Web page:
Category Archives:

high yield

Defaults in European Retailers and US Energy on the rise

2019 has been a pleasant ride so far for high yield investors. Over the past 9 months the global high yield market has delivered a total return of 10.9% and an excess return of 6.4%, in part thanks to the U-turn of major central banks. Despite all the good news, things have occasionally gone wrong.

Recent events have reminded high yield investors that investing doesn’t come without risk. Thomas…

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Bond Vigilantes Weekly: 2016 all over again?

Global bond markets rallied after the US Federal Reserve (Fed) signalled on Wednesday what financial markets had been pricing in for months: the central bank will most likely retract from its rate hiking plans this year, given the global economic slowdown, lower oil prices and generally muted domestic inflation. The Fed also indicated its balance sheet may not shrink as much as expected as it n…

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High Yield in 2019 – floating or fixed?

As we all know, 2018 turned out to be a tough year for most asset classes, not least High Yield (HY) bonds. The sell-off in the fourth quarter was particularly quick and brutal compared to the recent lulls of benign volatility under the blanket of central bank largesse. Global HY lost a few percentage points in pure local currency terms in 2018, whilst the lower beta and more senior secured hea…

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High Yield managers need to up their ESG game: 4 recommendations

Not that we needed anybody’s reassurance, but the UK government’s decision that pension fund trustees must consider financially material ESG (Environmental, Social and Governance) factors in their assessments, definitely helps those who believe that sustainability is becoming a need more than a choice – for society and investors alike.

In my view, an ESG lens can help monitor qualitative risks …

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The Rise of Emerging Market Corporate Bonds

Few investors would have bet on emerging market (“EM”) corporate bonds fifteen years ago. In 2004 the EM external (also known as hard-currency) corporate bond universe was relatively small at approximately US$ 270bn. By 2009 the asset class had more than doubled to US$ 600bn driven by strong economic expansion across developing economies notably the BRIC countries. Since the global financial cr…

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Panoramic Weekly: Bonds take a bath

The bond sell-off that started last week with the publication of strong US data continued over the past five trading days, even if Friday’s job report came in below expectations and a slew of global data and events only confirmed a worsening momentum: the International Monetary Fund (IMF) cut this year’s world economic growth forecast to 3.7%, down from 3.9%, citing challenges to trade; Italian…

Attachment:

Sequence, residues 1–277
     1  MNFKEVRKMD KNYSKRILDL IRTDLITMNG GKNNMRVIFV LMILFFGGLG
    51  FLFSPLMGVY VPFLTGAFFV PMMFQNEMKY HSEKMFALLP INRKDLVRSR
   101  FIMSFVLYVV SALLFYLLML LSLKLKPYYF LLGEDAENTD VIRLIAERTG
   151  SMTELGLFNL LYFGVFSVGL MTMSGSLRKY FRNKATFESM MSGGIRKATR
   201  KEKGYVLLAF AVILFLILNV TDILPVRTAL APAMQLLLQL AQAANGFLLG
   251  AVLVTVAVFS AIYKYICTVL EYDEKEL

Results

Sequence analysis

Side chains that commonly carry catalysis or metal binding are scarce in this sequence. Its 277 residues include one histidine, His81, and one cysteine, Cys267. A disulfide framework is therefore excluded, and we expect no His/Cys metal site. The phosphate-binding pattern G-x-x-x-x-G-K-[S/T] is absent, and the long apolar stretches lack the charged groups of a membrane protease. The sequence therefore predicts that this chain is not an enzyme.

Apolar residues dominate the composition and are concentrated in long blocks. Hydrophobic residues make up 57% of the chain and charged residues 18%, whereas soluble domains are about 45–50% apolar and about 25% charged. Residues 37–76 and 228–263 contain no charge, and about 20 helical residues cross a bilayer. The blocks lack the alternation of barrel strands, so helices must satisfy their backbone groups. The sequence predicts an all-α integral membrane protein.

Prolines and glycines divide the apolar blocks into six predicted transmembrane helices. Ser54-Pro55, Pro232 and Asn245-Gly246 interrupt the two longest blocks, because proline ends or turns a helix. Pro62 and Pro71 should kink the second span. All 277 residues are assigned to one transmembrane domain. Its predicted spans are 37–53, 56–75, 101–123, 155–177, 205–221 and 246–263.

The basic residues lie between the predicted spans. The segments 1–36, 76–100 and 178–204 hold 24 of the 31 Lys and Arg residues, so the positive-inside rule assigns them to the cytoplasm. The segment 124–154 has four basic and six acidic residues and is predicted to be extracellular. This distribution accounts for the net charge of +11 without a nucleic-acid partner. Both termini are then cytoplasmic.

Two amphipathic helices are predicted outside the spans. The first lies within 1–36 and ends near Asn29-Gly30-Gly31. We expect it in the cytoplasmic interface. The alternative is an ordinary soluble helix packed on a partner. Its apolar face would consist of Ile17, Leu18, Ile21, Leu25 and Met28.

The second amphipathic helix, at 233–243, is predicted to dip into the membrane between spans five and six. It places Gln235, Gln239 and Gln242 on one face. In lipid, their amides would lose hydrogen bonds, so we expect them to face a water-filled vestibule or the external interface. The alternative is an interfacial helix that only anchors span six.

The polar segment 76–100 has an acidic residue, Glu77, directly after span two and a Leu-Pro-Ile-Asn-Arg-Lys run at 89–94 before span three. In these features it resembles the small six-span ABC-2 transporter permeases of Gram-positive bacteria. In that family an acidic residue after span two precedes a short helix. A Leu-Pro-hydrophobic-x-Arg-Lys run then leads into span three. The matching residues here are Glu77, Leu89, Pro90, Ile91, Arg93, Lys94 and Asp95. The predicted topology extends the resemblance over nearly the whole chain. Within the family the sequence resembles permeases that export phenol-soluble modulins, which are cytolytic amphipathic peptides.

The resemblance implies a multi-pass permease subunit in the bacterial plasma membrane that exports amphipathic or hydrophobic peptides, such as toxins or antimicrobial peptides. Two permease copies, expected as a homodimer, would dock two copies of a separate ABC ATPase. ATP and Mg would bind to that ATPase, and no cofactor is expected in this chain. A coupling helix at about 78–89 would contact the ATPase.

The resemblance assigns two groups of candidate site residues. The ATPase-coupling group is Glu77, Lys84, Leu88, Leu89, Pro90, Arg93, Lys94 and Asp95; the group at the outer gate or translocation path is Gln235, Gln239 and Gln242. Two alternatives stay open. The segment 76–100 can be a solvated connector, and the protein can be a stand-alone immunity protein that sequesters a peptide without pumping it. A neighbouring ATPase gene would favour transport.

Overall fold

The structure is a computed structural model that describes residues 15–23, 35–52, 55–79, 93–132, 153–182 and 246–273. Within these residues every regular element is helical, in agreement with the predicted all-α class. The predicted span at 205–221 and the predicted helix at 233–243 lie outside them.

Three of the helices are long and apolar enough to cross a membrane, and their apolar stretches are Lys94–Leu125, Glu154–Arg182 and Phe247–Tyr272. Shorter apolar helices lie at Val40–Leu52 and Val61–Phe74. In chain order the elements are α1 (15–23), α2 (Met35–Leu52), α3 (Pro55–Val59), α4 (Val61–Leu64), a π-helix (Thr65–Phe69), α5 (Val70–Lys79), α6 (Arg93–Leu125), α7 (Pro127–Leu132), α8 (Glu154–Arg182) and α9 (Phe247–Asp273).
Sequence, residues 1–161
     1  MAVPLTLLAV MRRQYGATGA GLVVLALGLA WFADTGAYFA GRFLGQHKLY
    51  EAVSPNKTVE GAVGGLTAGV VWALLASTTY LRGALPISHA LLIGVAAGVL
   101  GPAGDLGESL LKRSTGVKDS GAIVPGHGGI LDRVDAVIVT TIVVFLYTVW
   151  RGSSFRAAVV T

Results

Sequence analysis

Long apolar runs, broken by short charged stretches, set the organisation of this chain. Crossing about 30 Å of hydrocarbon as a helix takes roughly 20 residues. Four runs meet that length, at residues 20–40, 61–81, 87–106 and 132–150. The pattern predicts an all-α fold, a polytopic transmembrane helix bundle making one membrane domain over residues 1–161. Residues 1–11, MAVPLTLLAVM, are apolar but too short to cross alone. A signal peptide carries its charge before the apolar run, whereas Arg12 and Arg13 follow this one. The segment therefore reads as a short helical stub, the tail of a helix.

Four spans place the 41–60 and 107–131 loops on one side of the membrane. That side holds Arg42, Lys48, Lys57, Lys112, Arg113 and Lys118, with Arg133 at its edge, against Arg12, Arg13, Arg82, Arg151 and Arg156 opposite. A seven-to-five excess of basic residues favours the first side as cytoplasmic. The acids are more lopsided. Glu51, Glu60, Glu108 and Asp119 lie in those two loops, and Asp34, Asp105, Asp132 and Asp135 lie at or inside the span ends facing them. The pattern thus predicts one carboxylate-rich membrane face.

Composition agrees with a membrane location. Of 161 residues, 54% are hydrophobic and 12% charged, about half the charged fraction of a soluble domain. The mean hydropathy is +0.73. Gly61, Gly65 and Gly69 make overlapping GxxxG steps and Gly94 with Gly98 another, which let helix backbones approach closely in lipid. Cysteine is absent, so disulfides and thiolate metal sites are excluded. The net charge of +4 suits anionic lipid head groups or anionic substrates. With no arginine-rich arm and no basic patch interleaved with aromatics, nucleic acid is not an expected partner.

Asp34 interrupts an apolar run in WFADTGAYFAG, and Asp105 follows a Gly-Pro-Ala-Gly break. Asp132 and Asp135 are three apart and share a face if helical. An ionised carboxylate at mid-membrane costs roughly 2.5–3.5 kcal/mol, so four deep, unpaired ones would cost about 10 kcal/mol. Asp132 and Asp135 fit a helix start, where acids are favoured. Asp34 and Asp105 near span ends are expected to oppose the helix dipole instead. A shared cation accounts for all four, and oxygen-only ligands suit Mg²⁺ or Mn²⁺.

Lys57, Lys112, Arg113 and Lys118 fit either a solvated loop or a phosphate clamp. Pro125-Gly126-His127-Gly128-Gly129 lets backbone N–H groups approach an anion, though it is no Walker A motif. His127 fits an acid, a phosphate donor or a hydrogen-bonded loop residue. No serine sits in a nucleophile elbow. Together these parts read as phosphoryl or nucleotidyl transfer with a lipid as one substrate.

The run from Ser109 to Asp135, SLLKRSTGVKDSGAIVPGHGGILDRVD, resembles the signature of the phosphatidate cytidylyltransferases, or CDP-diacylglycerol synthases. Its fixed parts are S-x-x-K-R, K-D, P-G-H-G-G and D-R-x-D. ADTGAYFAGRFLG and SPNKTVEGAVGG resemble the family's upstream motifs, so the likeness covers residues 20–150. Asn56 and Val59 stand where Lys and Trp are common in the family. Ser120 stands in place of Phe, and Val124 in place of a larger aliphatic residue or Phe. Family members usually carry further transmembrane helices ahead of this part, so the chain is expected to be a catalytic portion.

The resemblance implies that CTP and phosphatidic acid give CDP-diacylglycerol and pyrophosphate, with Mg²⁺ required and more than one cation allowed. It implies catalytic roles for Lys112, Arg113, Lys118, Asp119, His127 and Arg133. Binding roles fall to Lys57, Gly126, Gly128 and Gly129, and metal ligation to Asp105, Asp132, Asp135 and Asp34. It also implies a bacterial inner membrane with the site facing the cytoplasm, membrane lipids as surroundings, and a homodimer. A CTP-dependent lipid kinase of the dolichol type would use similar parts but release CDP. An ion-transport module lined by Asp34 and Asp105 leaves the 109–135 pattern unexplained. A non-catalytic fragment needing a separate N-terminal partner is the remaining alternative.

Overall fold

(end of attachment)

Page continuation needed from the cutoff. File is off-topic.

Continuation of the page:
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Panoramic Weekly: Stars and Strikes

Global bond markets reacted sharply to Wednesday’s release of US Services data, which struck its best mark in 21 years: US 10-year yields spiked to 3.2%, the highest since 2011, while the dollar reversed a gloomy September to recover its August level. The usually less reactive 30-year Treasury yields surged, leading some investors such as M&G fund manager Richard Woolnough to argue that the mar…

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EM HY - US HY spread

Emerging Market High Yield: is there value after the sell-off?

The ongoing financial meltdown in Turkey, increasing risks of more US sanctions on Russia and a repricing of China High Yield (HY) bonds – on the back of higher defaults and increased trade war tensions -, have all resulted in a significant widening of Emerging Market (EM) HY corporate credit spreads. Investors are now getting paid 525 basis points (bps) over US Treasuries for investing in EM “…

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Panoramic Weekly: The US vs. the world

Prices of most global corporate bonds rose over the past five trading days, as above-expectations US economic data fuelled the dollar, took US equities to new heights, and the International Monetary Fund (IMF) confirmed its US growth prospects while cutting those for the Eurozone, Britain and Japan. The risk-on optimism left behind Emerging Markets (EM) sovereign debt, hit by the protracted US-…

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The impact of the technology tantrum on US corporate bond valuations

It is fair to say that markets have become more lively of late. One sector in particular has been the epicentre of revived market volatility – Technology.

In the US high yield market, the US tech sector has weakened relative to the broader US high yield market. Given higher leveraged balance sheets, high yield bonds tend to be more sensitive to sector specific headwinds.

The chart below shows t…

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